Kind regards.
    Luis

    • Dear Luis, nice to hear that you are trying out the recipe!
      I guess the tesserae won’t stick to plastic with this kind of glue. We use the flour glue only on paper which is produced especially for this purpose and has a rough surface. So maybe try to find a paper to which they stick and print out only the outlines of your mosaic on this paper. You can compare colors etc. with the design you keep near to your mosaic.
      If the glue is to runny just let it get more solid leaving the container open for a day or longer.
      Hope this helps, if you have any more questions let me know!
      Cheers, Miriam

  • I love your blog… I have been using for a long time the “flour glue” but as I had problem with the paper : the surface was not flat because the paper was crumpled… And you could see the marks on the mosaik. How do you do to have a perfect plat paper on the back….

  • Inthe list of ingredients you give
    Flour, water, liquid glycerol, formalin or cider vinegar

    And then during the recipe
    Add 2 teaspoons of formalin and 2 teaspoons of liquid glycerin or cider vinegar.

    So is it liquid glyceryn or cider vinegar
    Or
    Formalin or cider vinegar ?

    Thank you, as usual, I really enjoy your posts.

    • Dear Frederic,
      thank you for your feedback on the recipe! In fact there was a mistake in the text: I meant 2 spoons of formalin OR cider vinegar. I corrected that. And also the ingredients section might have been misleading. So I put cider vinegar in parenthesis.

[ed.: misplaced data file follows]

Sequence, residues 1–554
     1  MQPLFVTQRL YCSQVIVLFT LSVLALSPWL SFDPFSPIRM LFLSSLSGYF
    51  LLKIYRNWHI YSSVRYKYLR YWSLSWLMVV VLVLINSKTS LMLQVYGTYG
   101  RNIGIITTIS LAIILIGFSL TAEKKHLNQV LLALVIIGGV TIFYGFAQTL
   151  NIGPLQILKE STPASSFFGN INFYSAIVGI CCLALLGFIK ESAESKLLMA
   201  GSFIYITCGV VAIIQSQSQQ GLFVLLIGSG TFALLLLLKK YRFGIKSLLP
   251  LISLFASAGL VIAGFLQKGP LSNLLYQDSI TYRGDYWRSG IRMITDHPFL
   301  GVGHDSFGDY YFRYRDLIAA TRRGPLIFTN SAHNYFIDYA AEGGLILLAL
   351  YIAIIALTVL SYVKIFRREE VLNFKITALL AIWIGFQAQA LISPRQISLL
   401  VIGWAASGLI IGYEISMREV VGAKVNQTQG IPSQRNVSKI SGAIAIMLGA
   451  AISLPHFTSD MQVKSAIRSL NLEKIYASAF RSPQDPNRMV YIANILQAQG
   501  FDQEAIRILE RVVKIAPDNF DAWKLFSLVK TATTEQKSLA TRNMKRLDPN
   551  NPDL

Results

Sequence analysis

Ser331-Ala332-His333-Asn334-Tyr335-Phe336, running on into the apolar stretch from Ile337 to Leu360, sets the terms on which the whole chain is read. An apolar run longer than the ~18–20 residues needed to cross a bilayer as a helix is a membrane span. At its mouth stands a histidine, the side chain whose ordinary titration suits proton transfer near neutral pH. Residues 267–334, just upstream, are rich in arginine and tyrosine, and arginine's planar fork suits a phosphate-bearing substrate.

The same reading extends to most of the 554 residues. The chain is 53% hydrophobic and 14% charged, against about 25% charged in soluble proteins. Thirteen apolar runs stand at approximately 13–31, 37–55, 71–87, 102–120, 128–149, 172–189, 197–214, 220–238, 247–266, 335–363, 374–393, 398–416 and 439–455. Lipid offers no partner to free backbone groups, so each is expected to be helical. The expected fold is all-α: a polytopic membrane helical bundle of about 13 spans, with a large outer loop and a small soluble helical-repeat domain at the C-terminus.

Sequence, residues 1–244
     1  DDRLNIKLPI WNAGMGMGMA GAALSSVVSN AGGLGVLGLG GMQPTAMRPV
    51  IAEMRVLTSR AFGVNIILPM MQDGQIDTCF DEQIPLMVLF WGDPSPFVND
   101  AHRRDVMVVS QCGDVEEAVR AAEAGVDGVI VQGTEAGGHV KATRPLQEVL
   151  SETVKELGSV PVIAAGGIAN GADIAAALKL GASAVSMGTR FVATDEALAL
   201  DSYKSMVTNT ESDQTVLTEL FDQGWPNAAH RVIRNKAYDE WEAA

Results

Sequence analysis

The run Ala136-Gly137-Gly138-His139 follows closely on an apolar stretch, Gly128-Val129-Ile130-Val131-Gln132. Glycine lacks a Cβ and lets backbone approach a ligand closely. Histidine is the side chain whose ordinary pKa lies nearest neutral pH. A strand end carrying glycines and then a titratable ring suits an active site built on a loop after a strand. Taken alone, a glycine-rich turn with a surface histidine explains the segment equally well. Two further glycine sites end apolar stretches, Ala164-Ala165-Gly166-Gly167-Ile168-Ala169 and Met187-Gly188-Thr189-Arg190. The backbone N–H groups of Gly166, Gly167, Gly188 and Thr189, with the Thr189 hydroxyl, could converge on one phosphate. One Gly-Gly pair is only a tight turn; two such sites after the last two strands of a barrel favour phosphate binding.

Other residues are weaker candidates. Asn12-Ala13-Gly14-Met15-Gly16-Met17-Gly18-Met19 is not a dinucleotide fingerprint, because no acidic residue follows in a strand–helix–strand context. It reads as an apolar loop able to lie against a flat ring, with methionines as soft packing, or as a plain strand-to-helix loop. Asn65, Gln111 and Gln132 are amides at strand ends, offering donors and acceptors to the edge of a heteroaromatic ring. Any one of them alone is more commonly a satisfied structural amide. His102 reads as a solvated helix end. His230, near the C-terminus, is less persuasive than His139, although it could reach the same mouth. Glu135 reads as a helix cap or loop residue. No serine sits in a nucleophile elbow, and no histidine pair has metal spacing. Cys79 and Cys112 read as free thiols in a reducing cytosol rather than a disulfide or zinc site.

Thank you for following this blog and making it even more useful with your comments!
      Best wishes
      Miriam

  • Dear Miriam
    Just for you andcyour reader to know… I triedcthe recipe on part of my last mosaic. It works beautifully. However, something very unexpected happened. On the morning after I completed the mosaic -reverse method – I found the mosaic vandalized. Most of the tesserae glued wit hte cola di farina were shattered around on the table. But none of the tesserae glued with my usual commercial glue.
    I found the vandal, or one of them later in the chicken pen, dead. A rat.
    My workshop is in the back of my garden, with my chickens living behind it, and a corn field behind. There are some rats around… they smelled the flour and decided to have a feast and lick the tesserae. As I used small pieces of glass in this piece, there were little shards embedded in the glue and the little bastard probably died of internal bleeding…
    I have almost finished the repairs, 6 hours of work, now I cover the mosaic eve4y time I go out of the shop, and I have bought rat poison.

    • Dear Frederic,

      I am really sorry to hear that these little vandal ruined your work! And I am very sorry for the rat, too!
      It is good to know that the flour glue attracts animals. In case I work outside I will remember this story. Thank you very much for letting me and the readers of this blog know about that.
      I hope you continued your work without any further interrupting.

      Best wishes
      Miriam

      • OH, I got plenty of other problems on this particular piece, that’s how you learn.

        Among other things, I did not refrigerate the glue (as you recommend it) and it fermented, loosing lots of ots sticking pwer, which I realized too late… Here in Alabama, the temperatyurs get high in the afternoon !

        I really made all possible mistakes on this piece, after 8 or 9 years of work, you would think I ‘d know better !

        I will blog about all these mistakes, can be interesting for other fellow mosaists !

        • Hey Frederic,

          sorry I went through the comments now and found to not have answered you in June. Have you had any other experiences you would like to share?

          Cheers
          Miriam